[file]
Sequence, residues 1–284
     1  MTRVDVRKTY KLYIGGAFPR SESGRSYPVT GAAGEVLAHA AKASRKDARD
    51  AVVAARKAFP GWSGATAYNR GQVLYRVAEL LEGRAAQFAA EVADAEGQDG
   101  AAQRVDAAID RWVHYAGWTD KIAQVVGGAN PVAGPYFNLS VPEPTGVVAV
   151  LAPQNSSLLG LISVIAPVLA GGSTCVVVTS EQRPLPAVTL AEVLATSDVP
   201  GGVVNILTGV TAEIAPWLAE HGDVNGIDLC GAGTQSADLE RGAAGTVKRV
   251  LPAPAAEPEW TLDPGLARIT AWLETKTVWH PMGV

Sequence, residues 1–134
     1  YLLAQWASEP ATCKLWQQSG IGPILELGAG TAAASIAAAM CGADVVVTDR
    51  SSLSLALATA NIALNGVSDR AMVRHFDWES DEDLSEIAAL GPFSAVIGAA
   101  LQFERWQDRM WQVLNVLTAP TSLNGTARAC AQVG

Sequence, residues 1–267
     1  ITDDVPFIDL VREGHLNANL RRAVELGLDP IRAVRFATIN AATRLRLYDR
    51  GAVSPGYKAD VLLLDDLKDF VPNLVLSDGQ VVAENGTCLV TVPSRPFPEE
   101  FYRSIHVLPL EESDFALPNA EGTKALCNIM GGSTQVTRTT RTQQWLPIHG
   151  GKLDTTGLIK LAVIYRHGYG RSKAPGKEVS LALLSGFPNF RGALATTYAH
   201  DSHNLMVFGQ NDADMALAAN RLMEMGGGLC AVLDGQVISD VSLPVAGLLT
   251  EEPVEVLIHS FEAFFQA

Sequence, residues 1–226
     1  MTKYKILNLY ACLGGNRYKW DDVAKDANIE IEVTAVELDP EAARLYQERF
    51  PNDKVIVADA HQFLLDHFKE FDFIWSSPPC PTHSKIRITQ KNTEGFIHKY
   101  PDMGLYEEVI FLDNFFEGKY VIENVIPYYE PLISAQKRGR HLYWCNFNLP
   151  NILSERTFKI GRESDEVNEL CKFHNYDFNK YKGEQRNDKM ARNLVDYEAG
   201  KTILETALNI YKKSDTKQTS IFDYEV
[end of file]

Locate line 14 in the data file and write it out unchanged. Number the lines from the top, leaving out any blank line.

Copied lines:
    51  GAVSPGYKAD VLLLDDLKDF VPNLVLSDGQ VVAENGTCLV TVPSRPFPEE